Solving the European Refining Sector Problems

abarrelfullabarrelfull wrote on 22 Jan 2014 22:28
Tags: cosmo europe refinery total

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Whilst we can all hope that some of the stupidity, and a little of the sectoral changes that have hit us so hard will change, there is little that we can do about most of the issues that face us. Rather than just grumbling about how unfair things are, we do need to find something useful to do about our problems though.

Lobbying: The single biggest cost in the refining sector is energy. Whilst our US competitors are enjoying cheap energy bills, in Europe we are at the mercy of Gazprom, and its oil indexed prices. The solution is obviously alternative sources of gas. Unfortunately our lords and masters are doing their best to stop shale gas developments. Europe’s refiners need to lobby along side the E&P guys to try and speed this whole process up.

Supporting Pipeline Infrastructure: The centre of Europe is the backyard of the Russians when it comes to crude supply. Anything that offers an alternative will reduce their bargaining power, improving terms for all of the sector. The Odessa Brody Plock Oil Pipeline is a great example of a project that would enable refiners to blend a second source into their feed and thereby reduce dependence on Urals Crude Oil. Unfortunately, it is going nowhere.

Mothballing: As long as the refining margins remain low, periodically mothballing a plant, for those with more than one, will help reduce the over supply.

Partial Closure: The Japanese have been struggling to deal with a situation similar to that in Europe. Like their European peers, they face political and environmental hurdles to closing old and uncompetitive plants. The solution they have used quite effectively, is partial closure. Where a refinery has more than one crude unit, they close the oldest and smallest, marginally reducing the capacity. Cosmo Oil in particular has reduced Chiba Refinery by 20,000 bpd, Yokkaichi Refinery by 50,000 bpd and Sakaide Refinery by 30,000 bpd.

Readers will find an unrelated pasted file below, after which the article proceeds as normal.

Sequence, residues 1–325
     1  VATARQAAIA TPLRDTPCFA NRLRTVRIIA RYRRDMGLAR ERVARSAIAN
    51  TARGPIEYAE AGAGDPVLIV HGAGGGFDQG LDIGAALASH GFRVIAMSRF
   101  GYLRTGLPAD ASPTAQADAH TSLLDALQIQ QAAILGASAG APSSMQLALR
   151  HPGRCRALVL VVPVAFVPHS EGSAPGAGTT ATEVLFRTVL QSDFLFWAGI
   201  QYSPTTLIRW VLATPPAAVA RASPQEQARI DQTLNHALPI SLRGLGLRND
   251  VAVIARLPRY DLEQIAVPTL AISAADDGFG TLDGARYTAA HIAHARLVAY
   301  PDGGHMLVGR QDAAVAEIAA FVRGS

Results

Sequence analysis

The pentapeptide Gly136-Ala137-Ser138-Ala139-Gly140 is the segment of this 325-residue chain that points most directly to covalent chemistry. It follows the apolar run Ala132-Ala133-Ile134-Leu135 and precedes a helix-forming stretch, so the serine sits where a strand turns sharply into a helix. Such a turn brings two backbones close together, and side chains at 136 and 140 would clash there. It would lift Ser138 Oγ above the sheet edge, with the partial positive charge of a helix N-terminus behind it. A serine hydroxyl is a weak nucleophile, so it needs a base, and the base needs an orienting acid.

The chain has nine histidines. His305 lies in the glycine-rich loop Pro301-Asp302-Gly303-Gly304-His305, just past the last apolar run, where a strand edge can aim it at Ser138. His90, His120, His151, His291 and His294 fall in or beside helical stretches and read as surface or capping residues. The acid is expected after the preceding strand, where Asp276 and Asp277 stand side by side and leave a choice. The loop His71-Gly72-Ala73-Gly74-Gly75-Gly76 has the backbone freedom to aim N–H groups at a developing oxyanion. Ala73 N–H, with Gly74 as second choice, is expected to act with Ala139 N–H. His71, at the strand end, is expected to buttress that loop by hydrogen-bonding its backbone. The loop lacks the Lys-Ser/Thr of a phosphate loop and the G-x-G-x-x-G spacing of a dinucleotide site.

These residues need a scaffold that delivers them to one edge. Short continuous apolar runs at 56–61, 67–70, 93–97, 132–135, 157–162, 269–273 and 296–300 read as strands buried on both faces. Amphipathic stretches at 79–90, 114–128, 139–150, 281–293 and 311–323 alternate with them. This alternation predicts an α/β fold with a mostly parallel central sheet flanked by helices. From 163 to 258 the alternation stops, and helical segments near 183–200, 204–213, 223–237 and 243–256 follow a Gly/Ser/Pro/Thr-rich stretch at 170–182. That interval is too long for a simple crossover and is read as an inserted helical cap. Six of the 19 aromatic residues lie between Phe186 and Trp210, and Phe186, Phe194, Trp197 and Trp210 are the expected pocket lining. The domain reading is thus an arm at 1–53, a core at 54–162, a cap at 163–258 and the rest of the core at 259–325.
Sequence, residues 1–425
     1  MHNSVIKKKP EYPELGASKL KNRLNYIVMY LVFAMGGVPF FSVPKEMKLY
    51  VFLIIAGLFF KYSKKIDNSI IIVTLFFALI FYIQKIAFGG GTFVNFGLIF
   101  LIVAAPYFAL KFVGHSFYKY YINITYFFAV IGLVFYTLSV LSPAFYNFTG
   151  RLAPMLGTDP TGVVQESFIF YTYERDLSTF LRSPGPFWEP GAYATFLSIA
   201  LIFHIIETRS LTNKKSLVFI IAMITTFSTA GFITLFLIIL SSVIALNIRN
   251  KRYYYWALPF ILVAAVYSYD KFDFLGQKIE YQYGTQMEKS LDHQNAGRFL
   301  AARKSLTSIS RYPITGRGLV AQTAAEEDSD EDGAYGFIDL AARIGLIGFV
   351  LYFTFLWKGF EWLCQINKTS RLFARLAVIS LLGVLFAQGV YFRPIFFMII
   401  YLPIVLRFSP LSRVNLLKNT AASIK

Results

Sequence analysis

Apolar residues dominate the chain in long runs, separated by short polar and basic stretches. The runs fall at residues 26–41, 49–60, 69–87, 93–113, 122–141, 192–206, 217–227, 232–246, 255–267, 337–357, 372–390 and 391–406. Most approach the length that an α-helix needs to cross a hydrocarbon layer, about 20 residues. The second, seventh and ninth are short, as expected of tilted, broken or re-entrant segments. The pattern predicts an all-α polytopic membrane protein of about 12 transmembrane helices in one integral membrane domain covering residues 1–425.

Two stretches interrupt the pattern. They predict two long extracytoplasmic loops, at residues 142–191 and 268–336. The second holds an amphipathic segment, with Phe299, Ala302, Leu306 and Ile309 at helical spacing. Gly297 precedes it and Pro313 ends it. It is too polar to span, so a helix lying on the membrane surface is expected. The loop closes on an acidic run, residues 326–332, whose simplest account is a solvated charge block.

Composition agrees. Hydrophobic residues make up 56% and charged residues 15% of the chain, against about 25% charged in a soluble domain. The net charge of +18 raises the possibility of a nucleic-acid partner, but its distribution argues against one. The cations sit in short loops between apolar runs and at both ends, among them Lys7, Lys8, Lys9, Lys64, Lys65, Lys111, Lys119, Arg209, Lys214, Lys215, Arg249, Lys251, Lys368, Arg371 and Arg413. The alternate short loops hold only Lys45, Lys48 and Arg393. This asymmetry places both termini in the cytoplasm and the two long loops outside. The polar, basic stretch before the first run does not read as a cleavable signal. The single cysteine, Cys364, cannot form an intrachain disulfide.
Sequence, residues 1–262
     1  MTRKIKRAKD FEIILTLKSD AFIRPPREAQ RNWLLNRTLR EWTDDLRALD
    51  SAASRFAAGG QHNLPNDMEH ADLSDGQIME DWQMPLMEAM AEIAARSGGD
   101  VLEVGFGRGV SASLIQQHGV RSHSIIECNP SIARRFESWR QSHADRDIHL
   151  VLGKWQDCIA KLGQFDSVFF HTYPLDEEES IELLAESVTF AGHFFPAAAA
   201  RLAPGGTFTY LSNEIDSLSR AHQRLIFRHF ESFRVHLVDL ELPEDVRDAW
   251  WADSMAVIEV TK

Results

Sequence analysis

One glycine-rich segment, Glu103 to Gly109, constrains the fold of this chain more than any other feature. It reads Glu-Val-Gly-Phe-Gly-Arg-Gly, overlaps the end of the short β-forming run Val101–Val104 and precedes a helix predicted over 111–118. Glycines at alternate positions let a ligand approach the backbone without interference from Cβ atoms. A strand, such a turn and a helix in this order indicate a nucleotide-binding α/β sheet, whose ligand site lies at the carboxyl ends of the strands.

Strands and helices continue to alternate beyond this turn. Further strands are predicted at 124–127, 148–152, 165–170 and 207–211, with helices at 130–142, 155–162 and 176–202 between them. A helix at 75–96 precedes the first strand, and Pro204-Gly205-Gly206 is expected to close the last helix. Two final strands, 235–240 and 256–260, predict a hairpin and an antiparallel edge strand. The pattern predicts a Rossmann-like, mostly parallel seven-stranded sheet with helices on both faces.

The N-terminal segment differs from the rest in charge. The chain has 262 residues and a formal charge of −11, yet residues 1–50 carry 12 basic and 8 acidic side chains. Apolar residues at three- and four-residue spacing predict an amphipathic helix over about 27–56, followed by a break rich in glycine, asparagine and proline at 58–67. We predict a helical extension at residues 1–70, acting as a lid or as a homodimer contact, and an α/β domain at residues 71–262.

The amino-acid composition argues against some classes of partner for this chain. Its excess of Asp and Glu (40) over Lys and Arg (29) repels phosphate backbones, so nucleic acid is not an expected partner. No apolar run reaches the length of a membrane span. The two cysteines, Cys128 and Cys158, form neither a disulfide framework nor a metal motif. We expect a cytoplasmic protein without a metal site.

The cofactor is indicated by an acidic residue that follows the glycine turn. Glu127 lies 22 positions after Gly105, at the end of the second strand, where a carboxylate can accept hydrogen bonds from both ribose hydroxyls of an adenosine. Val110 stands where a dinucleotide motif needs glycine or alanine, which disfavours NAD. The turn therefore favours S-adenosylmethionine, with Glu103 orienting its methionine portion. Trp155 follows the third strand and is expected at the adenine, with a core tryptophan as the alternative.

Normally this means actually closing your worst performing unit. Overall it has added up to a significant total volume. Workers can be reduced by naturally wastage, making this easier to sell to stakeholders.
In a business where scale is regarded as a good thing, reducing your size could be a winner. You are able to sell more of your volumes in your local market, you get to sell some carbon credits, your working capital gets a little less and perhaps you can reconfigure some of your redundant equipment or find an alternative use for the land.

So far the only example I know of partial closure in Europe is the Gonfreville L Orcher Refinery in France, which reduced capacity by 80,000 bpd in 2009. We need more examples, because the alternative is complete closures, which will be much more painful for all involved.

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